Sudden IDS exit leaves the Tory government in crisis

Chris Moncrieff
Chris Moncrieff

You do not need to be a rocket scientist to realise the government is in turmoil.

The dramatic resignation of Iain Duncan Smith as Work and Pensions Secretary came just as the Budget begins to unravel, and is exposed for what it is.

As its small print grows larger, the contents are being shown to be somewhat different from what Tory back-benchers cheered so enthusiastically after the Chancellor George Osborne delivered it.

All this places the Chancellor in a perilous position. Can he survive the assault on his Budget? Particularly from Duncan Smith (as well as other Tories), who is regarded as an honourable mainstay of the Government. Osborne, and the Prime Minister to some extent, must be quaking in their boots.

Already, some parts of the Budget are being re-examined, and the new Pensions and Work Secretary, Stephen Crabb, has said cuts in disabled benefits will not be implemented - a real slap in the face for Osborne.

Indeed, the Chancellor faces days of agonising tension in the Commons, as MPs - including some Tories - tear apart entire sections of the Budget. Labour has already called for his resignation.

Duncan Smith is one of a dying breed at Westminster: an honourable, trustworthy, upright man of integrity. He has pulled no punches in denouncing the Budget and insists - and I for one believe him - allegations that his resignation has anything to do with EU membership are totally untrue.

He has, with complete justification, dropped the Government in the mire. We will see whether Cameron, Osborne and their cronies can dig themselves out of this mess.

• If ever a Government in crisis needed a skilled press relations team at 10 Downing Street, that time is nigh.

Instead, Downing Street’s press office, judging by its outpourings, appears to be unfit for purpose and near disastrous. What is virtually unbelievable is they are making the Prime Minister look like an idiot, rather than the reverse.

This must be partly David Cameron’s own fault. He appears to possess a less than perfect judgement of character when selecting people for his so-called kitchen cabinet.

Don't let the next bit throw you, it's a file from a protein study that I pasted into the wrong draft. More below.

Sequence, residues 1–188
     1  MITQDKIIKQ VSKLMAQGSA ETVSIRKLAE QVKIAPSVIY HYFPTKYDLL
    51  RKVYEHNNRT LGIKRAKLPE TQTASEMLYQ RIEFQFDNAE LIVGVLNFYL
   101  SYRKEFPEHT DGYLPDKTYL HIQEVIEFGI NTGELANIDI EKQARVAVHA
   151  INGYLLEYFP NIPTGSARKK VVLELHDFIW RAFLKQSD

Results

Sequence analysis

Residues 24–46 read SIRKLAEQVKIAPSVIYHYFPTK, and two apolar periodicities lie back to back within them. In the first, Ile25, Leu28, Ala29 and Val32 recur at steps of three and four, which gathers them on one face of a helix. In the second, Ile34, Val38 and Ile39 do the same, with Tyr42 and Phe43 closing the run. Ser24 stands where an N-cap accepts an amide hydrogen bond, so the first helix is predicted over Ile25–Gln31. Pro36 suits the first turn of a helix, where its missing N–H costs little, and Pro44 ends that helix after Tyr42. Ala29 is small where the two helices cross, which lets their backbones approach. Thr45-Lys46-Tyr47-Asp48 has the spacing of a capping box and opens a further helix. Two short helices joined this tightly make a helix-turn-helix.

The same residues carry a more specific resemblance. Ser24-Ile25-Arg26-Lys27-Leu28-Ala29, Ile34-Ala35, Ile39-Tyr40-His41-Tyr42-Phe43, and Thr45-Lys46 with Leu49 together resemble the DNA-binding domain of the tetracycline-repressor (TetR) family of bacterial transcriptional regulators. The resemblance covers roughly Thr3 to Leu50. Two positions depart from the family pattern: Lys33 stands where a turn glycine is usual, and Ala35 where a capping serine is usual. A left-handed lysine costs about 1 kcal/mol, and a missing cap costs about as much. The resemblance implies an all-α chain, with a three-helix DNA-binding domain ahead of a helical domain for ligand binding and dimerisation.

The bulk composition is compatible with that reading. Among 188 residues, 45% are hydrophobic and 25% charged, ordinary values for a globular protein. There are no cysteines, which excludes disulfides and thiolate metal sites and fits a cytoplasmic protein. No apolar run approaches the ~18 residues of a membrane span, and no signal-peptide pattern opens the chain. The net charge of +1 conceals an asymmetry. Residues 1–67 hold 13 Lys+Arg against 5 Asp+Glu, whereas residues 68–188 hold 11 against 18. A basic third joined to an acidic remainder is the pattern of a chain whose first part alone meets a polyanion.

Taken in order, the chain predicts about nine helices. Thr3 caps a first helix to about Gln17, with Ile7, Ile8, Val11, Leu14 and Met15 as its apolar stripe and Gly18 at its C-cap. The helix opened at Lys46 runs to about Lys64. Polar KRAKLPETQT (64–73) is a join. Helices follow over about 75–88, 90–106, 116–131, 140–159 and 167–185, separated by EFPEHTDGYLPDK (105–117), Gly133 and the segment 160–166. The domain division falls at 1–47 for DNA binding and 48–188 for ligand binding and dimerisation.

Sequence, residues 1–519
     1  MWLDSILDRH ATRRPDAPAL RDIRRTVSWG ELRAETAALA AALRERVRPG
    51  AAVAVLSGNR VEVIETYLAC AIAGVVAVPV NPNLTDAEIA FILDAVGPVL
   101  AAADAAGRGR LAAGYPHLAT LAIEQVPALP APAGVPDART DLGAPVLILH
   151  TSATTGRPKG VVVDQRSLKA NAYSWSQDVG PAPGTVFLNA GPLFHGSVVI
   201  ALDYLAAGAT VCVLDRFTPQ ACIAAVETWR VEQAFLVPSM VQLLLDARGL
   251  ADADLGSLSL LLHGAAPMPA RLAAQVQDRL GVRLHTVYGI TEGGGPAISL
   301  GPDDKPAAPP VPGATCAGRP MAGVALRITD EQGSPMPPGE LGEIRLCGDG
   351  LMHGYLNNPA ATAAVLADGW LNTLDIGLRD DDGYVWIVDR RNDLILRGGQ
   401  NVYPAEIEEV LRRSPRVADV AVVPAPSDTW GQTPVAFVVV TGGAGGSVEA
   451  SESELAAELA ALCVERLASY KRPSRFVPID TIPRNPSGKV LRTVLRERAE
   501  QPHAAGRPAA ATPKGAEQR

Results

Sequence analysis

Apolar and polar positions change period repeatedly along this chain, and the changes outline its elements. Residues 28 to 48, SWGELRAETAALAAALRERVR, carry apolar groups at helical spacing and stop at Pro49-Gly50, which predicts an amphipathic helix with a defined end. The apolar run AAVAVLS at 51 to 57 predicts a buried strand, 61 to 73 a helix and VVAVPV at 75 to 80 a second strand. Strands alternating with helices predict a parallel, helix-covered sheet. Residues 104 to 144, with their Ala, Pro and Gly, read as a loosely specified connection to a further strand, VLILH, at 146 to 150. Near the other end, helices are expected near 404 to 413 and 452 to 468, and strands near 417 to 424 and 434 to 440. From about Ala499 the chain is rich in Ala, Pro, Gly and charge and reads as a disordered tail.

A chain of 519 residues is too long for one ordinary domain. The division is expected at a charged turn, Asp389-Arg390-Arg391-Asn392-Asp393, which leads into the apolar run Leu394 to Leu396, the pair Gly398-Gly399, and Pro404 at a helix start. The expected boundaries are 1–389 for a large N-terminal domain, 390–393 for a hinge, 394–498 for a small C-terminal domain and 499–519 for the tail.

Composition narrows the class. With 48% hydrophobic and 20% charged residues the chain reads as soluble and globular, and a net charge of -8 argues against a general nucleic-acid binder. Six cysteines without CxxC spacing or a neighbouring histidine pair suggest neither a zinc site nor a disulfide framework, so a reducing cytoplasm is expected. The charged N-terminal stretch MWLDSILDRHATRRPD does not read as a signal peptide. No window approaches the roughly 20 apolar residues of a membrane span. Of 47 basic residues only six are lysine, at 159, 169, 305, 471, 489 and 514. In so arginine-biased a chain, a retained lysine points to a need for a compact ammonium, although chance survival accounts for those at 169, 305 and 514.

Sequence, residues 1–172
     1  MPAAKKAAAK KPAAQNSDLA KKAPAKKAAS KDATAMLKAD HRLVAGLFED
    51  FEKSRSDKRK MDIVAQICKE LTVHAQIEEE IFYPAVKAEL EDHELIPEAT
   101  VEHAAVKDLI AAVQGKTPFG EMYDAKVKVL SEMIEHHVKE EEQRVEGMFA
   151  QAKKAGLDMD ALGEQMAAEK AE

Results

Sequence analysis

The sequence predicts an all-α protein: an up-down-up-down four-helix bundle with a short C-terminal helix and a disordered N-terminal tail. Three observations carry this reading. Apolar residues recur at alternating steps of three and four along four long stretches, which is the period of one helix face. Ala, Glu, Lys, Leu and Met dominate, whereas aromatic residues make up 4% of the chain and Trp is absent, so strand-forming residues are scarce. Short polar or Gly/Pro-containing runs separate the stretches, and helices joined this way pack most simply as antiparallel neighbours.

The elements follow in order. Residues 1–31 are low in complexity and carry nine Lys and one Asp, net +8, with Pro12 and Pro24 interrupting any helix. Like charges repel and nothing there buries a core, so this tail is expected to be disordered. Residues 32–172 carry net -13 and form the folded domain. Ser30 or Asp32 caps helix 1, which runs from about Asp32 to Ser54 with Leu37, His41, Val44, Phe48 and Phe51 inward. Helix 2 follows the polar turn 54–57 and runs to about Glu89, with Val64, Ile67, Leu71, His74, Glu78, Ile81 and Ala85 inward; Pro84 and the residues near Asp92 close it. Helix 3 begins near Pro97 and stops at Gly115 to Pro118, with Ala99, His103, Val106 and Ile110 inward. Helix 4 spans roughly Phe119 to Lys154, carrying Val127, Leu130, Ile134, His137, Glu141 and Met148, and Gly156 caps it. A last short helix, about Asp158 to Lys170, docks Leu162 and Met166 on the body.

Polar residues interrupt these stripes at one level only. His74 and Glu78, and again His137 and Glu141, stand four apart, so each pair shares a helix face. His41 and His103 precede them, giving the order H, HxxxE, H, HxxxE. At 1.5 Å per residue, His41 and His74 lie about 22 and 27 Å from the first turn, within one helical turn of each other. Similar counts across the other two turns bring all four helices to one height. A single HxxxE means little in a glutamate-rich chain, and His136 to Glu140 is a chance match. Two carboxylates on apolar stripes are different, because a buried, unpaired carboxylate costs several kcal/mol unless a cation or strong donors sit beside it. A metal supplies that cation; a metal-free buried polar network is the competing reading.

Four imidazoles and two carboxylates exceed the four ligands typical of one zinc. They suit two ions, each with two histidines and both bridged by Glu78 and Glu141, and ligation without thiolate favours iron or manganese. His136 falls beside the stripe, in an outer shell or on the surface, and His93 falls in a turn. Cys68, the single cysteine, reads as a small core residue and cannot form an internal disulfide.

He has allegedly written letters to various newspapers. The one to the Yorkshire Post begins: “I love Yorkshire”, to the Lincolnshire Echo: “I love Lincolnshire”, and to the Eastern Daily Press: “I love Norfolk” - although in the last case they managed to confuse Holkham beach in Norfolk with Holcombe beach in Devon.

Tom Richmond, of the Yorkshire Post, tells me these letters, and others, are all structured exactly the same after the, “I love ... “ introductions. Is the Prime Minister aware of this ham-fisted attempt at doing things?

Equally, we were told the Prime Minister supported Aston Villa, which later transmogrified into West Ham United, with the feeble excuse that both clubs wear similar strips and that he was actually thinking about cricket. Any genuine football fan would tell you it is impossible to make a mistake like this.

And then, again before he was Prime Minister, he was told to cycle from his home to Westminster to underline his green credentials - but with a car following behind him carrying his shoes.

Straight out of The Goon Show.

I like to think the Prime Minister is not as daft as all that - but you do begin to wonder.

• If Brexit win the forthcoming EU referendum, will Britain regain its right to deport undesirables without interference from foreign judges? There is no certainty of that.

In one case, a vicious criminal could not be deported due to his human rights being infringed as the owner of a cat in this country.

Words fail me...

• The Prime Minister has already said his battle to stay in Europe has no other agenda, since he is not seeking re-election.

He has said he would quit Downing Street before the end of this Parliament, but stories have been appearing suggesting he might stay on as a back-bencher.

If so, I hope he does not treat any Tory successor as PM in the same way Margaret Thatcher treated John Major. She was, unashamedly, his back-seat driver.

Major’s relief when she announced she was going into the House of Lords was both visible and audible.